Lav & Purl :: A State of Becoming (A Strangely Isolated Place)

Through A State of Becoming, Lav & Purl are trying to express the interconnectedness of all things, a strong concept reflected in its thematic, melodic and compositional consistency. One can easily get lost in the album.

With the sheer volume of of new music vying for our weekly—if not daily—attention, it feels like the age of religiously collecting the releases of one particular record label has become something of a luxurious rarity. There’s one label that unfailingly rewards such loyalty, however, thanks to its wallet-sparingly moderate but exceptionally curated output: A Strangely Isolated Place.

The exquisitely crafted vinyl releases on this boutique imprint are fast becoming a comprehensive index to the entire ambient genre. Following on from 36’s similarly essential conceptual and minimalist The Infinity Room comes Lav & Purl’s A State of Becoming, this one a more traditional ambient work in almost every sense.

It’s the debut long player from Christopher Landin (Lav) and Ludvig Cimbrellius (Purl, Eternell, Alveol and a host of other names) is another of those long-distance collaborations, one that came to fruition after Landin sent Cimbrellius a series of field recordings made in remote and desolate locations found while he was travelling through Greece. Cimbrellius fell in love with their simplicity and was also travelling, first through France and then Sweden where he recorded improvised piano sessions for each, finally putting all the additional pieces together over time and in various other locations.

A collaboration like this doesn’t sound like it should really work, but the two clearly shared so much common ground that this considered and thematically structured album succeeds on many, many levels.

For a start, if it weren’t for the fact that Landin’s field recordings were the genesis of A State of Becoming, it might almost have worked as an album without them. But without the twittering of birds, flowing water and hooting of wildlife that renders the opening track “Remembering,” for example, in the kind of vivid, verdant detail of a Claude Monet landscape, the hazy synth pads, intricately crafted beats and subtle bass kicks could have come right off Bola’s debut album Soup. But it’s precisely because of those fields recordings that the piece so much life, depth and color.

The album contains a mere six tracks, but only one is less than eight minutes long. Cimbrellius’ improvised, lilting piano lends the music that sense of movement that perfectly reflects the travelling undergone by Lav & Purl when making it. The looping melodic synth phrases in, say, the twelve-minute title track are given counterpoint by these passages, and so A State of Becoming avoids any feeling of repetition that sometimes dogs traditional ambient music.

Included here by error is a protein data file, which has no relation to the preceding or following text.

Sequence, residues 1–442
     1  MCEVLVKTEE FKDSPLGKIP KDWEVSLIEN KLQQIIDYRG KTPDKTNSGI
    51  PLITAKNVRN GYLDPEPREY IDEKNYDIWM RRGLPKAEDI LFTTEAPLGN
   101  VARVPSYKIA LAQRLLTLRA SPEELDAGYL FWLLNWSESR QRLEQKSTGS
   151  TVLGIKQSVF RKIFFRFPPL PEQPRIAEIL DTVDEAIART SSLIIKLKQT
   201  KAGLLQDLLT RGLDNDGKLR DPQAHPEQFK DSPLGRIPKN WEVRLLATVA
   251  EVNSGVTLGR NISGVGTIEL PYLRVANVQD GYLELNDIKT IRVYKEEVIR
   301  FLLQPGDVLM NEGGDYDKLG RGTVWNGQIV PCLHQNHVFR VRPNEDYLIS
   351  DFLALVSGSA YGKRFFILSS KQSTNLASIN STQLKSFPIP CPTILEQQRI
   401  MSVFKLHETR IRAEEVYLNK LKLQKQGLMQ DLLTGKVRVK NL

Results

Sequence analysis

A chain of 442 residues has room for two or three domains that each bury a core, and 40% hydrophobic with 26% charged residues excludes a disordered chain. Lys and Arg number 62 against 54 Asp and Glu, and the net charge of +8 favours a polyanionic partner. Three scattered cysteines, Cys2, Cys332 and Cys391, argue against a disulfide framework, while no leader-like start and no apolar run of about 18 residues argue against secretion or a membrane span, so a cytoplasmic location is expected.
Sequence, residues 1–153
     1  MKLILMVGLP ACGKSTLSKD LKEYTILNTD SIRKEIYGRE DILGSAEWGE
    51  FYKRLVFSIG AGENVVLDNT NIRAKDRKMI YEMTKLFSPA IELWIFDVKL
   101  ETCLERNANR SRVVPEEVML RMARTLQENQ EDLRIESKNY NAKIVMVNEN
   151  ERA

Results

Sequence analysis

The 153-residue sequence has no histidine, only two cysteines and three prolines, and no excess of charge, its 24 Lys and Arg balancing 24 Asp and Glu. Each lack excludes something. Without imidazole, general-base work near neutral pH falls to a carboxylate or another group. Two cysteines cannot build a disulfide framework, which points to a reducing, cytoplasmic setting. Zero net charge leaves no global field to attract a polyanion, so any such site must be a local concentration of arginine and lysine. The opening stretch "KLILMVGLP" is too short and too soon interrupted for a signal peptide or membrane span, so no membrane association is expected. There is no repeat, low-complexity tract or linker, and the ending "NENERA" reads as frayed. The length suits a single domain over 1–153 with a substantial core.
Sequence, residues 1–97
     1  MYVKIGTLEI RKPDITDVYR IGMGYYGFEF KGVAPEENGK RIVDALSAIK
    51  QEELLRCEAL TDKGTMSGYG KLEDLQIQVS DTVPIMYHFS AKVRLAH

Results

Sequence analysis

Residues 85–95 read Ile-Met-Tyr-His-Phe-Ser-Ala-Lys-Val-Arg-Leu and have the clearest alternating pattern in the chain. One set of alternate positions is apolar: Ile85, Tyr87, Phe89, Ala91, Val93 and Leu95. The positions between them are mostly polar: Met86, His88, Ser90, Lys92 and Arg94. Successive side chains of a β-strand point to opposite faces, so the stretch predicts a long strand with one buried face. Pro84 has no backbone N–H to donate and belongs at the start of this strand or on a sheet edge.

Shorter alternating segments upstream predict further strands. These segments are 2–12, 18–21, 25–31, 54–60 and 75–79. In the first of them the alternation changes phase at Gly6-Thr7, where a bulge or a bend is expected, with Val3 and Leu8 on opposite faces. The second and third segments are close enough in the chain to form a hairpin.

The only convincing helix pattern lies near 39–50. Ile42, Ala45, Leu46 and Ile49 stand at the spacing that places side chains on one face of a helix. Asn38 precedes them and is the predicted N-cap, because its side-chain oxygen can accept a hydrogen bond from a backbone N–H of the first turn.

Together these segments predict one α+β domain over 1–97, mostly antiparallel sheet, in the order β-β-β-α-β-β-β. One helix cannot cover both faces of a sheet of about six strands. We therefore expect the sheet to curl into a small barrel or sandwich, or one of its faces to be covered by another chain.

Through A State of Becoming, Lav & Purl are trying to express the interconnectedness of all things, a strong concept reflected in its thematic, melodic and compositional consistency. One can easily get lost in the album, and by the time the all-encompassing ocean wave swell and transcendent, melodic ambient pads of “Absorbed in Serenity” wash over you, it’s possible to simply become lost in its widescreen open spaces.

“All Is Breath” has a breathy, drifting Global Communication vibe à la 76:14, but channeled through the slosh and gurgle of a river lock, all underpinned by hefty, dubby bass, while organ-like tones, dripping water and a soft breeze infuse the tense clicks and cuts of “Recollection.” “Beyond Suffering” is probably the most unusual piece here, seemingly Lav & Purl’s take on dub techno, with the droning of bee swarms replacing the genre’s more traditional hiss, and the pastoral sound of birdsong and rustling leaves replaces the more traditional sounds of the city with watercolor landscapes.

It is in large part thanks to Landin’s field recordings and Cimbrellius’ choice not to mute or obscure them but place them at the very center stage that renders each track subtly and brilliantly different whilst further strengthening that pervading sense of travelling and connectedness.

A State of Becoming is a work of art even down to Noah MacDonald’s absolutely stunning sleeve illustrations, an all time high for A Strangely Isolated place, perfectly complimented by the choice of dusky pink colored vinyl. The album is available to download now, but sadly the double-vinyl edition has been beset by pressing problems. Sold out in the US, physical copies will still available in Europe by the end of March.

A State of Becoming is available on A Strangely Isolated Place.

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